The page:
My darling, I didn’t always give you the credit you deserved, and sometimes I was judgmental and downright cruel. The words I spoke into your spirit and sometimes behind your back were toxic. (My eyes are heavy with tears as I write this.) I know I’ve said this before, but it’s Mother’s Day, and I want to say it officially, once and for all. No one could’ve been our girl’s mother but you, and no one could’ve done it better.
I had always been hard on you, but after our girl took her last breath, I became a monster. I was verbally and emotionally abusive, and very little of what I said to you was kind or encouraging. Even though I knew in some deep, inexplicable part of myself that you were the most splendid bit of magic our girl could have, I couldn’t help blaming you. I made every day a living hell, my retribution for letting our girl die.
When you would step outside and lift your face to the sky hoping for a bit of comfort, I would say, “How can you enjoy the warmth of the sun on your face when our only child is in a dark box deep in the earth?” When you would sit down to a meal, I would remind you that the mortician had glued our girl’s lips shut, and she would never taste fresh berries, or watermelon, or cheesecake again. When you were half dead from exhaustion and tried to sleep at night, I’d whisper, just as you were drifting off, “What kind of mother let’s her only child die and then curls up for a good night’s sleep?” I gave you no peace, and even to my own detriment, I spent every waking moment making you regret your existence.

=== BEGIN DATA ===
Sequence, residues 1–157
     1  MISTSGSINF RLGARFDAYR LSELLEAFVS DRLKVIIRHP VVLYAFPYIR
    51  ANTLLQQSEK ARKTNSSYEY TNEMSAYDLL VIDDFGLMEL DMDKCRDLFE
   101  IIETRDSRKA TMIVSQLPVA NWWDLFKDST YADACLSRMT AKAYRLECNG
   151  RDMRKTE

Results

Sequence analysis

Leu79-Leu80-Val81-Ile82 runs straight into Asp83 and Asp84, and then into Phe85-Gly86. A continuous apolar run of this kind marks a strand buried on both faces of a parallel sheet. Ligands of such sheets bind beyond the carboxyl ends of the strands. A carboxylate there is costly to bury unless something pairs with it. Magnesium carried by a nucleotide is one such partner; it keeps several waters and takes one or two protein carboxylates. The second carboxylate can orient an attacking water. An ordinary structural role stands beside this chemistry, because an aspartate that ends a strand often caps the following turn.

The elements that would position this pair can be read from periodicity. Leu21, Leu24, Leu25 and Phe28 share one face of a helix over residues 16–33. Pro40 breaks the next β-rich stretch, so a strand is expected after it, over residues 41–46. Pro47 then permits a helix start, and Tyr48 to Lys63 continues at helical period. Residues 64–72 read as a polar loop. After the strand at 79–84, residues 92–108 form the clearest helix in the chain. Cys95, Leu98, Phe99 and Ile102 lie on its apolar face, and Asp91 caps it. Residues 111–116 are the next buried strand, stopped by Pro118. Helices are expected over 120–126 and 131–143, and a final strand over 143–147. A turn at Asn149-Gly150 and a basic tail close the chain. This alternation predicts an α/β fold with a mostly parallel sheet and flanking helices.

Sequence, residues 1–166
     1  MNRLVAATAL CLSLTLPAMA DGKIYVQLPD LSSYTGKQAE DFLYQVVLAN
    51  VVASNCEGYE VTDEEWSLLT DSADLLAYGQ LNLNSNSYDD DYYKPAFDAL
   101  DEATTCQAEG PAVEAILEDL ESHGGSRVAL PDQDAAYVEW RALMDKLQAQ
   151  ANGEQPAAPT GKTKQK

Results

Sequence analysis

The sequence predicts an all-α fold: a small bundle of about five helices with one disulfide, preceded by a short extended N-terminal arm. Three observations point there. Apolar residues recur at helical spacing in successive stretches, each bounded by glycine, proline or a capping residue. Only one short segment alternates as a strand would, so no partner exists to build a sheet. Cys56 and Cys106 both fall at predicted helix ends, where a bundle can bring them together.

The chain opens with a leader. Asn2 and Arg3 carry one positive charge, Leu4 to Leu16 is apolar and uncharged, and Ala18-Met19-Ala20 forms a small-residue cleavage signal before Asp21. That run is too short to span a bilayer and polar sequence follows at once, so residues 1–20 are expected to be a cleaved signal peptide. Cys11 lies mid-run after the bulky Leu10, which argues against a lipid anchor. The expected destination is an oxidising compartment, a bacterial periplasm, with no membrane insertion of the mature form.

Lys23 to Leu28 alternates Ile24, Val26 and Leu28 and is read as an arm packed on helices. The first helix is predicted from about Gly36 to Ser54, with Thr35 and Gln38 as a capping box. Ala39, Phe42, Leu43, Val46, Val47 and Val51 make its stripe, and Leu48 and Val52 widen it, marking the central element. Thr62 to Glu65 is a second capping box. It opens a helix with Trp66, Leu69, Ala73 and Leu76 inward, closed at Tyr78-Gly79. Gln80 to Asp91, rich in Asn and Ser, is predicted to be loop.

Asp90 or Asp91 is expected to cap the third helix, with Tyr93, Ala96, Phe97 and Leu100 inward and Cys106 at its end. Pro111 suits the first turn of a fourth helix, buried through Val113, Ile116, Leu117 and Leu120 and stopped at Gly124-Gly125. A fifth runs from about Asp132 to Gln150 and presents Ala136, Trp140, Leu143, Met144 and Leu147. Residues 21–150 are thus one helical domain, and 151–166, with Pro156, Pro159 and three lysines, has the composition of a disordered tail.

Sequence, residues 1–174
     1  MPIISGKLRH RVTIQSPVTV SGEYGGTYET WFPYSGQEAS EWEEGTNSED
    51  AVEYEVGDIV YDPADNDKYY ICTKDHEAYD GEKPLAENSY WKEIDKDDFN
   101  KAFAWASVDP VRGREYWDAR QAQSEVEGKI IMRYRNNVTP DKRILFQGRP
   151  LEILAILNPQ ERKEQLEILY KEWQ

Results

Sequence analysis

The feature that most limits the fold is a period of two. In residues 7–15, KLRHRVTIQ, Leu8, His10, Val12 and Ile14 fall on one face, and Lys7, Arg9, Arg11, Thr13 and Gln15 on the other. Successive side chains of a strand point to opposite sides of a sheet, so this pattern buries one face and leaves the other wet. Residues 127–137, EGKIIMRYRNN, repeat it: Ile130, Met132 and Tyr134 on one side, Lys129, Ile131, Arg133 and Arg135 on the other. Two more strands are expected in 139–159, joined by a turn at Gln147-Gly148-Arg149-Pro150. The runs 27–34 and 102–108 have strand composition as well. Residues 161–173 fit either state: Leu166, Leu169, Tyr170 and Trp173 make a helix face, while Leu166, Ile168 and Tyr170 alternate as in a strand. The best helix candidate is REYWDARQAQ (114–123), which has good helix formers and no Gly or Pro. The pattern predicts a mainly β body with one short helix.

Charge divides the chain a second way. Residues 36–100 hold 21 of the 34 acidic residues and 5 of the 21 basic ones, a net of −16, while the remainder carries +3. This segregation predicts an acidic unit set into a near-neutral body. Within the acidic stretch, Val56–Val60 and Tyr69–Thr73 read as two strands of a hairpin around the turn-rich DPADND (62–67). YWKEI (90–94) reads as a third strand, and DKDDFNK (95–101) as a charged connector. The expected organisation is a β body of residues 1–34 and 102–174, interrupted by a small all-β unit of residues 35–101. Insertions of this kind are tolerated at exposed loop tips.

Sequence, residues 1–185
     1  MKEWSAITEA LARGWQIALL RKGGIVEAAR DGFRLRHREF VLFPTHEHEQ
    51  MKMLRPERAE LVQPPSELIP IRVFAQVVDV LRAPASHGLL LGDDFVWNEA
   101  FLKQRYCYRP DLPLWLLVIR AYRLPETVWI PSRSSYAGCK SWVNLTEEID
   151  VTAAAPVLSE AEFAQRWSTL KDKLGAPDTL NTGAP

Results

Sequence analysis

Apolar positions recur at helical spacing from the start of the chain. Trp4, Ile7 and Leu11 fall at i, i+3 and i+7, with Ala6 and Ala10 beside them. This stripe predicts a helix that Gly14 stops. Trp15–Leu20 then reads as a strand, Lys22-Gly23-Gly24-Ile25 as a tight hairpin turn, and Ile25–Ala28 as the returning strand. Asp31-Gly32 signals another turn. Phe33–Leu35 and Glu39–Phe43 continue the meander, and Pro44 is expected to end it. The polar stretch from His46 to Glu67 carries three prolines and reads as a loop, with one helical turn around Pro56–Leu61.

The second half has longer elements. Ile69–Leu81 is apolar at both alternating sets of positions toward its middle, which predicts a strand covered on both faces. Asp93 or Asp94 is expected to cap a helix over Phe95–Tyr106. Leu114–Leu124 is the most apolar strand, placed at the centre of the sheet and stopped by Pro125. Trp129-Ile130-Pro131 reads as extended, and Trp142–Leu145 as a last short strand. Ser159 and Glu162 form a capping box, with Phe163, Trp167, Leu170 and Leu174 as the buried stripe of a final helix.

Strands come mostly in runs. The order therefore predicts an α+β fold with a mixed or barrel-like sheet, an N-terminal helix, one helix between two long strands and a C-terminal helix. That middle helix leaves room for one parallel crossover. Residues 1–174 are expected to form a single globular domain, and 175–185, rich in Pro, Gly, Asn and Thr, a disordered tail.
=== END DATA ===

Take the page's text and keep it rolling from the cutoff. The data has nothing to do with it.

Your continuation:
But that following winter, something happened. For the first time in nearly a year, you did something that you hadn’t done since our girl left. You spoke back to me. You told me that you loved our girl more than you loved your own life, but that it was not your job to save her. You said that as painful as it was, “saving her” was not a part of the agreement. When you said these words to me, my insides began to melt. I had forgotten about the agreement. Of course, forgetting the agreement is part of the agreement, but it didn’t ease the guilt I felt for my behavior.
You agreed to play the role of our girl’s mother. She chose you because you were the only one with the experience, strength, and wisdom to play the part, the only one with the stomach to see it through without bailing, the only one who could nail it. You alone could create the space she needed to play out the painful challenges that she chose and that you both agreed to before either of you ever came here. And I know now that you played that part with excellence all the way to the bitter end.
After setting me straight, you told me that I was to never again open my mouth and speak harm to you. And you know what? I haven’t. When I would forget and start to say something, you would correct me with so much love and tenderness. And then, on top of everything, you forgave me, and with that forgiveness came the healing that I didn’t even know I needed.
And now I spend every waking moment watching you honor the rest of the agreement. I watch you bask in the sunshine, eat good food and grow flowers in your garden. I watch you read good books and drink tea from your ancestor’s teacups. I watch you enjoy the company of your friends. I watch you laugh, and laugh, and laugh, and sometimes cry at the sheer depth and magnitude of it all. And best of all, I watch you dream dreams. Oh, my darling, whatever you do, keep dreaming dreams and know that I am always in your corner!
This is an open letter to the most beautiful mother I know, and I am she.